Economics and Regulation

Not-so-magic Bullets: Searching for Better Policies to Govern Drug Discovery

by Alexandra Gürel In his upcoming book, Strange Pill: Evidence, Values, and Medical Nihilism, philosopher of Jacob Stegenga charts a history of the term “magic bullet”: a drug that is both specific and effective, curing the patient without side effects. Stegenga argues that the early 20th century was a “golden age” for magic bullets, with the

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Policy in the Face of Uncertainty: The Smart Meter Dilemma

by Victoria Plutshack Smart technologies, which can communicate and share information, have been hailed as a panacea for a range of our energy problems. The possibilities for energy savings and greater energy efficiency are enormous. The first step in realizing the smart vision of the future is the humble smart meter, which is due to be

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Paving the Way for Driverless Cars: A Policy Roadmap

by Ed Leon Klinger Driverless cars present an unprecedented opportunity to transform the way we transport goods and people through cities and across countries, posing benefits to our collective safety, environment and economy. They also pose new risks; as cars become more connected, they become more vulnerable to malicious attacks by thieves and terrorists. This essay

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Escaping the Slippery Slope: Freedom of Expression and Cyberspace Regulation after the Delfi Case

by Konstantina Georgaki, Emmanuel Giakoumakis, and Alessandro Rollo In June 2015, the European Court of Human Rights delivered the final judgment in the Delfi case, where it upheld the decision of an Estonian court to fine a news portal for hosting anonymous defamatory comments. This controversial judgment has a chilling effect on freedom of expression in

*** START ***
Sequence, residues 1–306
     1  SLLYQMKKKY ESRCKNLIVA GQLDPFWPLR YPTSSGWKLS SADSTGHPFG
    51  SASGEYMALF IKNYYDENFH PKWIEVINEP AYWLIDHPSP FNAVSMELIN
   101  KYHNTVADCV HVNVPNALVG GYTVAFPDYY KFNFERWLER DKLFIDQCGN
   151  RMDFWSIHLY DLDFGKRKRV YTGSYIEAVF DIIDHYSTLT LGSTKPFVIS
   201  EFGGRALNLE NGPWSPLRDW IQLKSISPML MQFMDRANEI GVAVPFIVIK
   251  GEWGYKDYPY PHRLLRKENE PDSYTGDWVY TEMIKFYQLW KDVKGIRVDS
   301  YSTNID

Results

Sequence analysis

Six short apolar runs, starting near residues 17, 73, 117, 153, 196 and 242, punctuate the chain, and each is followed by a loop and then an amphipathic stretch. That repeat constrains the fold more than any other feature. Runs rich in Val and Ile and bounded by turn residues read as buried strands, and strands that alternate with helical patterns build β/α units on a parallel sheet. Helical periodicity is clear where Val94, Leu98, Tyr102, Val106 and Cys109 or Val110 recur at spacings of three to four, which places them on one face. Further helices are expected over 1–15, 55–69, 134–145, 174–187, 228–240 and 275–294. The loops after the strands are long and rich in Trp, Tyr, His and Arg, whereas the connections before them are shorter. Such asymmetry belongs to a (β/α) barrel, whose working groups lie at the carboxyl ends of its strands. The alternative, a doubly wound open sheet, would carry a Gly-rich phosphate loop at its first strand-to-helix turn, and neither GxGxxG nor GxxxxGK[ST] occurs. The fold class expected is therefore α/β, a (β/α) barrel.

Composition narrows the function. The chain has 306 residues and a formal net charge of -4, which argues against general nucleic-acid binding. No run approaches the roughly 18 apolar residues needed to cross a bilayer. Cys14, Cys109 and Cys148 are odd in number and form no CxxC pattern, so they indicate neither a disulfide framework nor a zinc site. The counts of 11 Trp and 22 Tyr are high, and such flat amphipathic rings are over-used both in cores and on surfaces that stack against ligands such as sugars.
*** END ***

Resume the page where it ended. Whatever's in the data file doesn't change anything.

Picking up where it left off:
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Water as a Strategic Tool in Central Asia

by Hannah Smith Limited water resources, weak states and ethnic tensions across Central Asia lead many analysts to believe that the region will bear witness to the world’s first war over water. Through drawing on fieldwork, this study takes the example of the geographically isolated village of Barak (a Kyrgyz exclave) to demonstrate how water resources

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The Role of Research in Developing Energy Policy

by Andrew Robertson Decarbonising the electricity sector has been identified as a short-term priority for cutting UK greenhouse gas emissions in response to the risks of climate change. The scale and rate of change in the electricity sector means that there is a strong need for energy research and a big potential for new research to

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Weighing the Benefits and the Risks: Better Defining Regulation of New Technologies

by Michele Mastroeni Regulation of science and technology is an important factor in how our technological landscape develops, and whether a technology makes it to the end-users. While ideally regulation will be based on broadly accepted values and trusted scientific assessment, the reality is much more complicated. Just as different technologies spur intense debate in society,

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Pathways for Academic Impact: Biased Towards Commercialisation?

by Tim Guilliams Given the current economic climate it is important to maximise academic impact on society. Measures of academic impact have been dominated by the commercialisation of academic discoveries, thereby failing to capture the complete spectrum of academic activities that lead to societal impact. In fact, universities do not appear to act as a significant

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Beyond Human Right vs. Commodity: Time to Realistically Assess Water Scarcity

by Simon Damkjaer The water resources community remains stuck in a futile debate of whether water constitutes a human right or a commodity, which is resolved through the content of General Comment 15: water constitutes a human right, which puts conditions on economic approaches to water and its commodification. Instead, it is time to address the

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Smart Cities, Digital Connectivity, and Social Inclusion: Paving the way to inclusive urban strategies

by Enora Robin Cities have become key players in the global economic landscape, with only 600 cities contributing to 60% of the world’s economic output. The proportion of world’s population living in urban areas is projected to be rising from 50% today to 75% in 2050. Despite the economic benefits derived from the concentration of economic

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